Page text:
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Stunning A.A. Milne ALS penned just weeks - A A Milne - 1926. 
Chelsea, UK, September 29, 1926. 5.5" x 7.5". "Two sided ALS, signed in full signature ""A.A. Milne"". 5.5""x 7.5"" on stationary with letterhead of 13, Mallord Street, Chelsea, S.W.3. Tel Kensington 2074. Expected center fold. Near fine.An intriguing most humorous letter written by Milne dated Sept 29, 1926 as ""29 ix 26"" (with the month written in Roman numerals a format Milne used from time to time). The letter was written just weeks before the publication of Milne's most famous work which launched his status as a writer and introduced the world to his beloved character, ""Winnie The Pooh"". Of additional interest other than the insight into Milnes sense of humor, are several of Milnes references in his letter to touch points revolving around Winnie The Pooh. First Milne refers to a person in his letter as a ""cygnet"" (a young swan). A reference which may have been top of mind as Winnie The Pooh was a blended name created by Milne, being a combination of the name ""Pooh"", named after a (cygnet) swan they met on holiday and ""Winnie"", named after a Canadian black bear cub they often saw at the London zoo. And second there is a reference to Milne's publisher, Methuen, who he pokes fun with when he thought he was forced/required to write a letter to Methuen (Methuen was the publisher of the Pooh books) when clearly his preference instead he was looking forward to commence with a serial story for The Daily Mail as he ""thought he got a literary situation"" All-in a most humorous letter with Milne even making fun of practicing his signature. Below is the letter in full, which he signs using both his sarcastic nickname ""The Pen"", and again using his full name as ""A.A. Milne""""My Dear Sir I have arrived safely at the house to which you sent me and I think that I shall like the situation. I wanted to begin a serial story for the Daily Mail at once, but the man here said ""No, there's a letter we must write first"", I said ""Oh, I see"", and began writing ""Dear Methuen"" but he snatched me away from the paper and said it wasn't that sort of letter at all, which disappointed me rather because I thought I had got a literary situation. But he promises me we should (illegible) some poetry afterwards, so I said ""All right"" And of course which he began ""Dear Vincent"", I said ""Oh I know that man well; let me write the letter, while you get the ink off your hands"" He was terribly pleased with me, and I'm to keep on saying ""Thank you"" until I ran out of ink. I expect he has only (illegible) me of those common pens before, because if I went on saying ""Thank you"" until I had run out of ink, we should never get that (illegible) done today. But I really am to say ""Thank you very much â€¦ and I'm ... proud of my pen"", and something about hoping his work would be worthy of me, but here he is coming down from the bathroom, so I must close.Assuming you, Sir of my respects, and again thanking you for obtaining me this literary situation which I had always wanted from a cygnet or to speak.I am Yours faithfull [sic]The PenP.S. It was his fault about the ink, not mineP.P.S. Now we are going to practice his signature: A.A. MilneP.P.P.S. He says that the best (illegible)""A.A. Milne was most loved for his Winnie the Pooh series of books, all illustrated by E.H. Shepard, starting with :""When We Were Very Young"" in 1924 (Pooh's first appearance in poem #38, as ""Teddy Bear"", with the implied narrator of Christopher Robin""Winnie The Pooh"", 1926""Now We Are Six "" 1927""The House At Pooh Corner "" 1928A wonderfully fun early letter by Milne, likely written in a jocular manner to his friend Vincent Seligman, who was a German Jew whose family emigrated to the London and the USA in the 19th century. The letter just barely predates the vast success he achieved with his trilogy following the stories of The Adventures of Christopher Robin and Winnie The Pooh."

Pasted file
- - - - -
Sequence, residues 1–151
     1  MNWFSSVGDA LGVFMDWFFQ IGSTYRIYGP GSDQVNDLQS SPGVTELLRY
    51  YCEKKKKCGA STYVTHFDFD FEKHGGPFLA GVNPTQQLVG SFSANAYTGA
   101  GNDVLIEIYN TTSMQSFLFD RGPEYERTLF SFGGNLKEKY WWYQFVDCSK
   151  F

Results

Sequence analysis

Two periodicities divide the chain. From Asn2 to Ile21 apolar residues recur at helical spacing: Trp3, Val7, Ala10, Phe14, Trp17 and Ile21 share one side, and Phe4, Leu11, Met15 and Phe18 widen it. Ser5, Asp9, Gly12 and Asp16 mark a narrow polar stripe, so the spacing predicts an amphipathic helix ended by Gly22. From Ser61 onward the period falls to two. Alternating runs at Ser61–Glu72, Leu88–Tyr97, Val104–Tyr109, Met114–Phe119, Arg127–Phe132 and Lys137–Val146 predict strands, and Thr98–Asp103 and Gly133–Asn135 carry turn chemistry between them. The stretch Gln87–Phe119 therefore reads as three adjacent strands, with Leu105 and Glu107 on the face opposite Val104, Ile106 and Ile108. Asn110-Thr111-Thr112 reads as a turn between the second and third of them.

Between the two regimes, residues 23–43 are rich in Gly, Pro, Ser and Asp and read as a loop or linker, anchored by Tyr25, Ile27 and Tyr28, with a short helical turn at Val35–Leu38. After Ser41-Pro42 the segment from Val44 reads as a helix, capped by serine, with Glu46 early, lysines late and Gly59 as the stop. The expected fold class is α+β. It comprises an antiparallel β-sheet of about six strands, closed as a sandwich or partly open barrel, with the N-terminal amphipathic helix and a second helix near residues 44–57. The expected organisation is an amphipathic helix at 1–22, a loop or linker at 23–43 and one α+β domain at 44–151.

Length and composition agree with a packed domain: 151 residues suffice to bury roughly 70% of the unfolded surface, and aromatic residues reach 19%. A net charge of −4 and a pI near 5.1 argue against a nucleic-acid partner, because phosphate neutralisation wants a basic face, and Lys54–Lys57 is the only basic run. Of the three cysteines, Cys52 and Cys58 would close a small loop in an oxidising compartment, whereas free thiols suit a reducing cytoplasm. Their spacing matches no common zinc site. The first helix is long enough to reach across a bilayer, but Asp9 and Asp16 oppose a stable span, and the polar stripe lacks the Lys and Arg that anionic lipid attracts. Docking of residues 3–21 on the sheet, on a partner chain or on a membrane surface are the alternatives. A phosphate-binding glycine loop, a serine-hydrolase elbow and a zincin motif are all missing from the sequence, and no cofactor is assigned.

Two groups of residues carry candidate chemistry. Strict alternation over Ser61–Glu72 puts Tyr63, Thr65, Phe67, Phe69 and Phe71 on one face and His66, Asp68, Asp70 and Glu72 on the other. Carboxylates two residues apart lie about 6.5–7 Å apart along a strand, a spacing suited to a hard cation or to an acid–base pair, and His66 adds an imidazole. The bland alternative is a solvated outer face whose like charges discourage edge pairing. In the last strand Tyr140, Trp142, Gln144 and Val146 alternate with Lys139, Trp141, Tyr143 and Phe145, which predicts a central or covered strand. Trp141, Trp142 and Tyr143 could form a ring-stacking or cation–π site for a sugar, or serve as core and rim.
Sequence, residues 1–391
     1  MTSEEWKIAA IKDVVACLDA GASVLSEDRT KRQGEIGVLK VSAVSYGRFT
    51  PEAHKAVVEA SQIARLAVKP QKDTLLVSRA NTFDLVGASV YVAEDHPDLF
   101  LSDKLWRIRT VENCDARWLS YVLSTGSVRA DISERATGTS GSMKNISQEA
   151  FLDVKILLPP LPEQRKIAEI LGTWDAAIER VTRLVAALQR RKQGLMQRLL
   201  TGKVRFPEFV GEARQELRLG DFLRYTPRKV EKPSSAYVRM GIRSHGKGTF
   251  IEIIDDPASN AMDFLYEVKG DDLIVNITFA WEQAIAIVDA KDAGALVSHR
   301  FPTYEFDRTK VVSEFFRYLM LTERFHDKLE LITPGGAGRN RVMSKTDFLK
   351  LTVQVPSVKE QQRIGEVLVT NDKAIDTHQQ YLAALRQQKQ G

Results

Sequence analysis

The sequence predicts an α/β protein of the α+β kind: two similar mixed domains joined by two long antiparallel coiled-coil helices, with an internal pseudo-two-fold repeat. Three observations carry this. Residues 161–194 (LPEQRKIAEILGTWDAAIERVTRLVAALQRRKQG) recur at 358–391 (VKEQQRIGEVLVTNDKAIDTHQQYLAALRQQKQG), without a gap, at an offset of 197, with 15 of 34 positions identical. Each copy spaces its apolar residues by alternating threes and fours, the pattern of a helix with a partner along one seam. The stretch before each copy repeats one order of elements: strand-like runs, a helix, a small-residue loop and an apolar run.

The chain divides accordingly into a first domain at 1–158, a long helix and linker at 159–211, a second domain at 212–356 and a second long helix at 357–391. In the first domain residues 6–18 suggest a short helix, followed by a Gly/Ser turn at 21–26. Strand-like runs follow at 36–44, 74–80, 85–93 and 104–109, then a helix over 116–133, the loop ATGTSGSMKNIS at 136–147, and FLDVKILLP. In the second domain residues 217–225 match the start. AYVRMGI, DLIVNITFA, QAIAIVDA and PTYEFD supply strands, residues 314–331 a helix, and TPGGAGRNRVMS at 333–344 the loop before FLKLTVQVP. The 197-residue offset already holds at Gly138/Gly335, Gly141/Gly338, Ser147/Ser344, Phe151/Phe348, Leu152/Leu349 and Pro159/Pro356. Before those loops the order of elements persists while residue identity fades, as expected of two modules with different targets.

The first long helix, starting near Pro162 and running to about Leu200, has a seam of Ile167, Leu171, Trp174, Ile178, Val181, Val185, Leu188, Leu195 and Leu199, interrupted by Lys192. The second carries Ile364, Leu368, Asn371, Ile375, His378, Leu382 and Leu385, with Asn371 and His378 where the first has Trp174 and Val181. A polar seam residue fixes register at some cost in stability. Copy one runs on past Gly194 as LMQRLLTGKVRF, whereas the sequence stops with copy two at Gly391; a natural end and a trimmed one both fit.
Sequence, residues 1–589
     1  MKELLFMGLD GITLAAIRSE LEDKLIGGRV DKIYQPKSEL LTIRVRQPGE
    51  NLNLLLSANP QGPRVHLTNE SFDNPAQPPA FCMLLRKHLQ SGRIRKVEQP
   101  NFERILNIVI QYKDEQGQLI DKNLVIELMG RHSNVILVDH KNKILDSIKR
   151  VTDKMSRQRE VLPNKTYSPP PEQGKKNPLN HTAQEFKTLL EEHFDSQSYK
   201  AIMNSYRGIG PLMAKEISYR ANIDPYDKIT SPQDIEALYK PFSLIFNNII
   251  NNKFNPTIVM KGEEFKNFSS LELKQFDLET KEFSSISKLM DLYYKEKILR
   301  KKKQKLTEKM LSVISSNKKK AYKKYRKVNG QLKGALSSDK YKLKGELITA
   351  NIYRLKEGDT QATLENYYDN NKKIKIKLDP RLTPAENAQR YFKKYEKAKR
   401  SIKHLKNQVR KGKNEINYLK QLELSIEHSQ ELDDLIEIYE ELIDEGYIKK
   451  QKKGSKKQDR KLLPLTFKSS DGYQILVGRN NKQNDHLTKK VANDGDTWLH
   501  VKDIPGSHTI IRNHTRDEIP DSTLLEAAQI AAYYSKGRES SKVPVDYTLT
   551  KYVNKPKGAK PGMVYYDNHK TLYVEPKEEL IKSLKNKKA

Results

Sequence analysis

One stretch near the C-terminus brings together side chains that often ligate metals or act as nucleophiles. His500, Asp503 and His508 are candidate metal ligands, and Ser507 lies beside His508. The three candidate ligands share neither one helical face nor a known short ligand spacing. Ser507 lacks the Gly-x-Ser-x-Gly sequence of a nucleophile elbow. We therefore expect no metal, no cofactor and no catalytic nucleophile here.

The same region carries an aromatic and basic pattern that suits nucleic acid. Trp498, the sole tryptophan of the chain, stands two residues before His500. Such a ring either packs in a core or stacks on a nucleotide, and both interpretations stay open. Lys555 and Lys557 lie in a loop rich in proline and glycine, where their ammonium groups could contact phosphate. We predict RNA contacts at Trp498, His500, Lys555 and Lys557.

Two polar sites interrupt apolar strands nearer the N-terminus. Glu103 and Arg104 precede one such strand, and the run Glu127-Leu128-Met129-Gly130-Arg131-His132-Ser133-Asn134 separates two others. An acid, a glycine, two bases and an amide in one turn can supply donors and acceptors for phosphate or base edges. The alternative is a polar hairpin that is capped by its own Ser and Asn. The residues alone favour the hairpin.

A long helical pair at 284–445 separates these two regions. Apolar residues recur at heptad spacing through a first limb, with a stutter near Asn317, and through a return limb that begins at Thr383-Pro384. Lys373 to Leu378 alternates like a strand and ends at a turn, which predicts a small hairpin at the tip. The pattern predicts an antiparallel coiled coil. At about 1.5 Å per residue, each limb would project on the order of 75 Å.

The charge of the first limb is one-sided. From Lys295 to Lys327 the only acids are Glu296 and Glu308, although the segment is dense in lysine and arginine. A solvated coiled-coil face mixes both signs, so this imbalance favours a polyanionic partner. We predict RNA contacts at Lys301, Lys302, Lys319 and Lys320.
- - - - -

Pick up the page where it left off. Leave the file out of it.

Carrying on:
[Bookseller: University Archives]
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